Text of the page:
The court also heard that numerous phone calls meant for Slade, from men in the company of youngsters they wanted to abuse, were picked up by another man in the 1970s, the court heard.
Giving evidence at the trial, the man, who can’t be named, said: “They phoned seeking advice about how to deal with children – to be sexually active with them. It was almost like a helpline.”
Of one particular call, he added: “He clearly had a child with him and he was saying that he wanted to have sexual relations with this child and that clearly this child was resistant.
“He was seeking to speak to someone who could counsel him what to do in order to have his way with this child.”
When the witness confronted Slade – who owned a number of properties – about the phone calls, the defendant said they were “for him”, the court heard.
Slade was convicted of 13 sexual offences against five different victims, who were aged between 10 and 15 at the time.
Nine of the offences were against a single boy, who he abused with a sense of “entitlement” up to three times a week between 1976 and 1978.
The boy was made to perform oral sex and play fight naked with another boy for Slade’s entertainment at a house in Clifton, Bristol, and have sex with him in various public places.
On another occasion in the mid 70s, Slade held down and anally raped a different child, and he also fondled the genitals of two young boys in the mid sixties.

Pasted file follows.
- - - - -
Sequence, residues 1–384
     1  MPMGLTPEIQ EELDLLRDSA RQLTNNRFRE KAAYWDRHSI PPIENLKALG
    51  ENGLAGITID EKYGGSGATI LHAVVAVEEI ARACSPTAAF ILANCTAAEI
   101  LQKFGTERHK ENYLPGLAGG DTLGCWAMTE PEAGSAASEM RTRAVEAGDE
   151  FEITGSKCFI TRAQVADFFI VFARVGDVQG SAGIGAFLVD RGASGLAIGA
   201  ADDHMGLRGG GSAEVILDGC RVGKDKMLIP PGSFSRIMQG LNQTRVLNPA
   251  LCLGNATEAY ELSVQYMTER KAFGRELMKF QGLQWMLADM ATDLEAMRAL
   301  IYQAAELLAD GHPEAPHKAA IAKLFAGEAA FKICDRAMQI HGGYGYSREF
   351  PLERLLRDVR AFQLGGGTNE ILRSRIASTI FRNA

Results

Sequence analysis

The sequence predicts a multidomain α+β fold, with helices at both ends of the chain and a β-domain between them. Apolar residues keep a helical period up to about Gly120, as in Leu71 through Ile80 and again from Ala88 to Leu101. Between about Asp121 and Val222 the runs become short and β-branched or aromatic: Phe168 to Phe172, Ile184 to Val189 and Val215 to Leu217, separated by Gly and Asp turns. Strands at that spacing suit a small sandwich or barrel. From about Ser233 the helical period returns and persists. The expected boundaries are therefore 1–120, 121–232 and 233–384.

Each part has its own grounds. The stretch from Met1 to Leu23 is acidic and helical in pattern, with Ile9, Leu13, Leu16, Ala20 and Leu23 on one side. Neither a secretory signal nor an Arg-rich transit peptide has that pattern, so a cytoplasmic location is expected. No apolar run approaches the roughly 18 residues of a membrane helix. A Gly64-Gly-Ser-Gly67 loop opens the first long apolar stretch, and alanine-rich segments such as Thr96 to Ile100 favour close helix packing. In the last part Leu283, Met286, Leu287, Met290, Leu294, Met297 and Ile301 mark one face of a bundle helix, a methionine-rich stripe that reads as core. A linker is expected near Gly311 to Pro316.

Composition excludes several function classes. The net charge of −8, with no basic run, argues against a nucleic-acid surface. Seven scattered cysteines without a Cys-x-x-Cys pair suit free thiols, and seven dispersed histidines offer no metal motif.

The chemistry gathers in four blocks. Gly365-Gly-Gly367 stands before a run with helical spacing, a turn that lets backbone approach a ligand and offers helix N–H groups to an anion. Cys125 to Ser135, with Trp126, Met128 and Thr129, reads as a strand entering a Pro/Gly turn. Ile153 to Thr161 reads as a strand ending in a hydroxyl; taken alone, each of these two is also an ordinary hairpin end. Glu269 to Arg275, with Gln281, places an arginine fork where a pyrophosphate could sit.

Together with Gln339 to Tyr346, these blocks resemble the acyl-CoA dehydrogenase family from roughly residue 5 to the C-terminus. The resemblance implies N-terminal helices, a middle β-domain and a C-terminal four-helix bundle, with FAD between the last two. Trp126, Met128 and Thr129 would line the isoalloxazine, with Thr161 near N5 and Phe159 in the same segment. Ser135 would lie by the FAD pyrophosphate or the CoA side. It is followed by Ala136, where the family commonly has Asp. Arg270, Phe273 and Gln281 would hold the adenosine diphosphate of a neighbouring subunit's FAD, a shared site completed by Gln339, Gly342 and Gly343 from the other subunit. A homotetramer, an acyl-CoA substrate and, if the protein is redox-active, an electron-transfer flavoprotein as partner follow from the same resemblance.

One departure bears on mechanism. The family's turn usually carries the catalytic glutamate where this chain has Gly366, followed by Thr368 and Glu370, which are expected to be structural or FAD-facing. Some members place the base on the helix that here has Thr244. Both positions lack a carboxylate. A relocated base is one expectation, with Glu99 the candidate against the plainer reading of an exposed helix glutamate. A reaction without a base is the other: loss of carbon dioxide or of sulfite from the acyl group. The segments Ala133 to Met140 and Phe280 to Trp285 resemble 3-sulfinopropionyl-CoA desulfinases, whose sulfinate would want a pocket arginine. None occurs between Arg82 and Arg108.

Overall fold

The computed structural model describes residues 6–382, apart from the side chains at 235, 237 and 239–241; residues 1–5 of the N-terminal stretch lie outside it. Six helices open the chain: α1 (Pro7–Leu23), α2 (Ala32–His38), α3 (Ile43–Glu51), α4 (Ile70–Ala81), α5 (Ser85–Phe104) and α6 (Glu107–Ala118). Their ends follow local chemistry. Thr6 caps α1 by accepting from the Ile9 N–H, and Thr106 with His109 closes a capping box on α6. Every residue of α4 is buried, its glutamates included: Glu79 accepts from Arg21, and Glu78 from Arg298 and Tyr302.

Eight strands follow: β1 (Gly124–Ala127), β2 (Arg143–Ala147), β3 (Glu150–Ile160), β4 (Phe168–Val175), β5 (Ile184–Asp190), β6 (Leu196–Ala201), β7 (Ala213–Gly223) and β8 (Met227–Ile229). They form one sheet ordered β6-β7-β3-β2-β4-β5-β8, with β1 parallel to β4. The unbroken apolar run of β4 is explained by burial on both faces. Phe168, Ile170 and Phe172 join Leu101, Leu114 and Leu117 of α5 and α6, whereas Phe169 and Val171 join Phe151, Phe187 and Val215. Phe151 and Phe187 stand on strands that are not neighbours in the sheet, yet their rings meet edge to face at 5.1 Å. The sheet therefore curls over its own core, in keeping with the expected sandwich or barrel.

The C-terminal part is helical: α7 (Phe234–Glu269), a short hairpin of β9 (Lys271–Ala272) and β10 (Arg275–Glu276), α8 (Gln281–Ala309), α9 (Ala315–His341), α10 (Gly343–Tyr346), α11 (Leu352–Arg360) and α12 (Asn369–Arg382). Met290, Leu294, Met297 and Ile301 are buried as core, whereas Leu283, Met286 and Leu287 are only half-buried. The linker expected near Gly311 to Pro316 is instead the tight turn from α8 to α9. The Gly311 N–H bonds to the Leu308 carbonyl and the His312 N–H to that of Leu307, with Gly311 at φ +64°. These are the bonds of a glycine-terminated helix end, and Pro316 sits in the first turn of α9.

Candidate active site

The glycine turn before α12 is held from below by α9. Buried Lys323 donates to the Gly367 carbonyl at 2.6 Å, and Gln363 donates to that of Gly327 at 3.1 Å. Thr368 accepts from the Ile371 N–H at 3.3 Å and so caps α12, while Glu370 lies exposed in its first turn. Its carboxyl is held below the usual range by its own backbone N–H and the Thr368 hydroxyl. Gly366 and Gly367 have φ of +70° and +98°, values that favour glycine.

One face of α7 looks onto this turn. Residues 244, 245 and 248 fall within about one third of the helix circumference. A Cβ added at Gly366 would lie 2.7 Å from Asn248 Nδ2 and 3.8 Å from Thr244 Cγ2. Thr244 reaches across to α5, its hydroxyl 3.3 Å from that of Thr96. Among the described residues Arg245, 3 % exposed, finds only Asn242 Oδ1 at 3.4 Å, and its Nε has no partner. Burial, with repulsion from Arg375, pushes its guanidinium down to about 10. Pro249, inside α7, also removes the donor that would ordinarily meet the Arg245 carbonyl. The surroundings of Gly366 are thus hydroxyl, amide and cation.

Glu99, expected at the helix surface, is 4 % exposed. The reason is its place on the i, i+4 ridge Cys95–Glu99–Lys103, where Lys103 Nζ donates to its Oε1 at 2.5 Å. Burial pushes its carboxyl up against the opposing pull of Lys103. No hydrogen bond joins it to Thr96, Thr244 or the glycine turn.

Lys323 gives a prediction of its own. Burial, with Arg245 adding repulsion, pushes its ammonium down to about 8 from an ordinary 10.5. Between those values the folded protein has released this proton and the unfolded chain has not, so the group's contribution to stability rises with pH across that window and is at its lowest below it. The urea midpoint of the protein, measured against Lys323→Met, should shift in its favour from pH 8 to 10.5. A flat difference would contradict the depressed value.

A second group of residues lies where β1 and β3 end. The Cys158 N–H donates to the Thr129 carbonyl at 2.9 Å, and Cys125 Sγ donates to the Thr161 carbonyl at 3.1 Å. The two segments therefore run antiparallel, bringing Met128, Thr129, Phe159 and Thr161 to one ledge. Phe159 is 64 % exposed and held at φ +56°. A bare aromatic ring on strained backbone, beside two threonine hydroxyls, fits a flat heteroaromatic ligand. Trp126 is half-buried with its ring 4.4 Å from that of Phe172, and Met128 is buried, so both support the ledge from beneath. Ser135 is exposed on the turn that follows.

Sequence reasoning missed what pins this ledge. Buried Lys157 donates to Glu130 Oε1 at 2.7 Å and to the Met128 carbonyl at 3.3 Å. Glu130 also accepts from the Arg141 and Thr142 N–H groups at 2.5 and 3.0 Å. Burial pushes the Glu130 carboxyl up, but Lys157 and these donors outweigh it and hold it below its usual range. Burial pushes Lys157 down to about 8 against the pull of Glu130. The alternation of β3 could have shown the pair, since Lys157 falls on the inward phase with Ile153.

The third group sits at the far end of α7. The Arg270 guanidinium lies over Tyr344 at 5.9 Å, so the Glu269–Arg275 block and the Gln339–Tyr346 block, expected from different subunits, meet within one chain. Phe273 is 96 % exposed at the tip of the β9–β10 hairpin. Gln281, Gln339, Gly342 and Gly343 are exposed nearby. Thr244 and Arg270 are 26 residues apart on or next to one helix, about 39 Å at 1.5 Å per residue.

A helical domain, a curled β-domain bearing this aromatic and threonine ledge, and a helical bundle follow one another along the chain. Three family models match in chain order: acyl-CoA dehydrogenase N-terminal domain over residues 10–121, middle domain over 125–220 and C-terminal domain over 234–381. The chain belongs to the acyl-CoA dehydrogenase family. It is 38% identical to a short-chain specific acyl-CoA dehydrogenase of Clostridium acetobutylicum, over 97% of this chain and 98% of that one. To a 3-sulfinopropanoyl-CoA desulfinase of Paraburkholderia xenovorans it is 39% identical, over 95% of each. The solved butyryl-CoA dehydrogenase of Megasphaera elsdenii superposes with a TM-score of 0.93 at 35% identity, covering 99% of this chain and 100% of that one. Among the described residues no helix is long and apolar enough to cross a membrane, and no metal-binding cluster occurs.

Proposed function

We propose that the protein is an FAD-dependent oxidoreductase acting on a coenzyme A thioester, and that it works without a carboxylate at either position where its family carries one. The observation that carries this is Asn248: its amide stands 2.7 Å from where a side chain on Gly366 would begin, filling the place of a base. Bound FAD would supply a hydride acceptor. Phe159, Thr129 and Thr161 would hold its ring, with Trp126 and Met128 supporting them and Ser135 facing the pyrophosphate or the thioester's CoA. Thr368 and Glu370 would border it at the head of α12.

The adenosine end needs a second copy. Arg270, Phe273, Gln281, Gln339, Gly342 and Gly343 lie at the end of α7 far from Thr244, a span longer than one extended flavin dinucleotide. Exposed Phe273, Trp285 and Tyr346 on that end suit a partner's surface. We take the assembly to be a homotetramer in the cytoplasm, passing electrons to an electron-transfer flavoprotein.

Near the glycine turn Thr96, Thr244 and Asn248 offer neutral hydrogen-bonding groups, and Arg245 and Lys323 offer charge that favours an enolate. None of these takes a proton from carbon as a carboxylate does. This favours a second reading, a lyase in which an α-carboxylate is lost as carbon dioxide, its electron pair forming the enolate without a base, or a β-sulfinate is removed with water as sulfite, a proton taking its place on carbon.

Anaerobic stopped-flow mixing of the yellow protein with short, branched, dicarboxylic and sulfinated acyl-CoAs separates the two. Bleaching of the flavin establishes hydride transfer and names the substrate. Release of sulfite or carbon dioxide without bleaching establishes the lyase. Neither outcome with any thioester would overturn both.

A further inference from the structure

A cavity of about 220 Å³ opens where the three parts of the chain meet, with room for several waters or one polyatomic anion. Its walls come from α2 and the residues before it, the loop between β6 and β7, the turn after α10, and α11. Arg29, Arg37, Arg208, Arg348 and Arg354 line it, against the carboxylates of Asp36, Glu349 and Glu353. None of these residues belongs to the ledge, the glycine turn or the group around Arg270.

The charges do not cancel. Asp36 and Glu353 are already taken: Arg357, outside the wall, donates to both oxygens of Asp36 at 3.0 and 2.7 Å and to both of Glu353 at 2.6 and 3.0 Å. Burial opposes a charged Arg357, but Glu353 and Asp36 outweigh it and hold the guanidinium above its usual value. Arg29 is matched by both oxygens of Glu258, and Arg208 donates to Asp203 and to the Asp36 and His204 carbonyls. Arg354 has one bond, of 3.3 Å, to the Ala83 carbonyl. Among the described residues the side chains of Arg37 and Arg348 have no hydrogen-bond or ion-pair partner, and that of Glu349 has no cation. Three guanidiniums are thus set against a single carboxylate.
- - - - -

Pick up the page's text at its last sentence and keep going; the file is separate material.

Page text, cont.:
Skeaping was convicted of one count of indecent assault relating to an occasion in 1980 against a 15-year-old boy, who went to stay with him because he couldn’t cope at home.
The then 39-year-old performed oral sex on the boy, who later began regularly visiting Slade at his home in Bristol.
Both men were questioned by UK police over the historic offences last Autumn.
Slade was extradited from the Philippines to face the charges shortly after he was arrested, but never charged, by Filipino police on suspicion of sex offences against local children.
Before deportation, Slade was living in the red light district of Angeles City in a house opposite a primary school.
He allegedly lured children inside, paying them as little as £2 to pose for lurid photos and was dubbed the ‘Pork Pie Paedophile’ because he set up a company selling food to Western expats.
Skeaping was arrested while on licence, after he was jailed in 2009 for sex offences, including buggery and indecent assault, against a 12-year-old boy in the 1980s.
When questioned, the men admitted being part of a group which existed before the PIE known as PAL – Paedophile Action for Liberation – but said they couldn’t remember what the ‘p’ stood for.
Both were remanded in custody for sentencing, which is due to take place on Friday.
An NSPCC spokesman said: “The Paedophile Information Exchange was an appalling organisation predominantly consisting of men who tried to fool the world that they cared for children when in reality they wanted to abuse them.
“Their sham protestations about caring for children have been rightly exposed yet again by this case which underlines how dangerous they were then – and still are.
“Slade and Skeaping targeted vulnerable youngsters in a predatory manner, having little regard for the consequences of their behaviour.
“Whether they believed their actions were consensual or not, they were committing a criminal offence against children who deserved to be protected from such abuse.”